The refinery used a water spray system to absorb the released HF, but the CSB cited scientific literature to conclude that at least 4,000 pounds of the chemical likely escaped from the unit into the atmosphere and left the facility. Investigators determined that during the first day of response efforts CITGO nearly exhausted the stored water supply for the water mitigation system. Approximately 11-and-a-half hours after the initial release, before the water supply was completely exhausted, the refinery began pumping salt water from the ship channel into the refinery fire water supply. Multiple failures occurred during the salt water transfer including ruptures of the barge-to-shore transfer hoses and water pump engine failures, CSB said.
"It is imperative that refineries have the proper emergency response resources available to control a release of hazardous materials and protect against impact on the surrounding community," Bresland said.
CSB's urgent recommendations call on CITGO to develop and initiate plans within 30 days to ensure an adequate water supply to the refinery's HF mitigation system. The company should also report planned or completed actions to the Refinery Terminal Fire Company and the Local Emergency Planning Committee every 30 days until all planned activities are fully implemented, the board said.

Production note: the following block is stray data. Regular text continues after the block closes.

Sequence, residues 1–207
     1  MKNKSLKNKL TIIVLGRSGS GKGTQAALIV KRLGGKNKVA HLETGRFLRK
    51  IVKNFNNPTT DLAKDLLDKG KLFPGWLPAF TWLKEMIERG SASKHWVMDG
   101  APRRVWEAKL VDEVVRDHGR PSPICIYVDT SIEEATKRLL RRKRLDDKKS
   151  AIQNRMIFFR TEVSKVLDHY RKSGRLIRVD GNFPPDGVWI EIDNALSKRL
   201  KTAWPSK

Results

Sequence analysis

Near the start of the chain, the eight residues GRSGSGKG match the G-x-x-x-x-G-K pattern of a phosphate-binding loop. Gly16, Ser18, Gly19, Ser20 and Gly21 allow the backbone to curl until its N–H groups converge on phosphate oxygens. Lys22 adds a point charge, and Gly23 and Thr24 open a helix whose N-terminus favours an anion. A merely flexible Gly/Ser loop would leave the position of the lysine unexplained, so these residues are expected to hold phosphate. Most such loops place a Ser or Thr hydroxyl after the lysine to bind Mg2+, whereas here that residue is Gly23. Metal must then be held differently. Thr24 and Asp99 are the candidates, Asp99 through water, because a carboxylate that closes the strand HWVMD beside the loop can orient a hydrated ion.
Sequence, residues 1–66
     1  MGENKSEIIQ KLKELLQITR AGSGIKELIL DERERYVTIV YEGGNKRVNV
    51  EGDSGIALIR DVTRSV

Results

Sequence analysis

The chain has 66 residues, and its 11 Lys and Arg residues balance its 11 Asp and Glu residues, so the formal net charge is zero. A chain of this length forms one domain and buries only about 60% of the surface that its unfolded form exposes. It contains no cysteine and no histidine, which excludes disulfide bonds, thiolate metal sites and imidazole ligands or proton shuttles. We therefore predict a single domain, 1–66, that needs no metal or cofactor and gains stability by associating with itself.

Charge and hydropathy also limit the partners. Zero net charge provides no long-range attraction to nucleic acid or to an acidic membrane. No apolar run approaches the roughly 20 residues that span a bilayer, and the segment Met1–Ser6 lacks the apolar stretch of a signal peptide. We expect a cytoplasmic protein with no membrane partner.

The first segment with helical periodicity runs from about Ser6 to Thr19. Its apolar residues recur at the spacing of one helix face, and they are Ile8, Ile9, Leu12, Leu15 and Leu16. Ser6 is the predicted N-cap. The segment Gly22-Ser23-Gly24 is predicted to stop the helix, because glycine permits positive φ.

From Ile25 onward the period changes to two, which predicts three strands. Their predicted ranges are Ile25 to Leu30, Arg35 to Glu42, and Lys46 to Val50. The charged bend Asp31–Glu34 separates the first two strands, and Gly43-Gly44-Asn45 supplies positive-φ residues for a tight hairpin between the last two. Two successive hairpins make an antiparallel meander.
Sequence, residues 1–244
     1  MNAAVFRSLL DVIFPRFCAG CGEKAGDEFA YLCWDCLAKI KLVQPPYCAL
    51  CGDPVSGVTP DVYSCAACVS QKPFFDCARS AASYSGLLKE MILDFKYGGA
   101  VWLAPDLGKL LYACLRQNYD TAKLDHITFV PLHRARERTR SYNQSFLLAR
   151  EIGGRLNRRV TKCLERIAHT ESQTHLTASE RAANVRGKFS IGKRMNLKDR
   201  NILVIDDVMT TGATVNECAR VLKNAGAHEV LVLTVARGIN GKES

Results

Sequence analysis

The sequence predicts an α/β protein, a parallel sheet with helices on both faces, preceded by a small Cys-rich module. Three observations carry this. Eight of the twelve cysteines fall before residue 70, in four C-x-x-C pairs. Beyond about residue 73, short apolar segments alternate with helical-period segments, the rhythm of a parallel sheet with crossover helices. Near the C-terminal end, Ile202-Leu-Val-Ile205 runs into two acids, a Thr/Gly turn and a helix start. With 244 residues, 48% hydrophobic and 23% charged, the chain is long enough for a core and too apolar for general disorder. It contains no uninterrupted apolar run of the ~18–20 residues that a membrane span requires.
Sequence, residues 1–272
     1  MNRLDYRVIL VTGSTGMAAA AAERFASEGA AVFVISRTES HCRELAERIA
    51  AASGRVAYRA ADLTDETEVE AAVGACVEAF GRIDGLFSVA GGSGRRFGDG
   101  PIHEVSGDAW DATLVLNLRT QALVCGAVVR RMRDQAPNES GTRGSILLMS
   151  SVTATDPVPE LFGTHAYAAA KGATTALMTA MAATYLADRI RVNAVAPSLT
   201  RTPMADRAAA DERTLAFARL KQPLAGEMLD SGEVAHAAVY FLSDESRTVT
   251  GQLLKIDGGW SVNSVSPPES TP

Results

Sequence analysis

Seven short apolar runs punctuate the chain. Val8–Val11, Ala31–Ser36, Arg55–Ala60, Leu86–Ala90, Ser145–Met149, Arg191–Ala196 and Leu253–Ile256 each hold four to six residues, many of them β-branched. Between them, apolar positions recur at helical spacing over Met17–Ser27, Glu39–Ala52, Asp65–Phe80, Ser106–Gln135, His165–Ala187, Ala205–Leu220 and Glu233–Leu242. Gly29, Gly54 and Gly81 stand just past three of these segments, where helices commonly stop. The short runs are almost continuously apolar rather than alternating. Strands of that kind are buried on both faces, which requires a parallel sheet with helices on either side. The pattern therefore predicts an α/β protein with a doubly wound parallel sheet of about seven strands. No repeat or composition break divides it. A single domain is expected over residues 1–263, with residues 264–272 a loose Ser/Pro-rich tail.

CSB Investigations Supervisor Robert Hall, P.E., said, "Our investigation closely examined emergency response actions related to this accident. Investigators found that the CITGO water mitigation system serves as the last line of defense to protect the community from an HF release. The CSB’s urgent recommendation aims to improve the reliability of CITGO’s Corpus Christi, Texas, HF water mitigation system."
The board's second urgent recommendation calls on CITGO to commission independent, third-party audits of the safety of its two HF alkylation units at refineries in Corpus Christi and Lemont, comparing safety practices at the units to those recommended by the American Petroleum Institute. Investigators said CITGO had never conducted such an audit of the units, despite an existing industry recommendation for audits every three years.
Finally, CSB said it released video footage of the fire in CITGO's Corpus Christi plant last July because it was in the public's best interest to do so. "Accidents can be prevented if we find out what happened and share the findings with the industry and the public," Bresland said.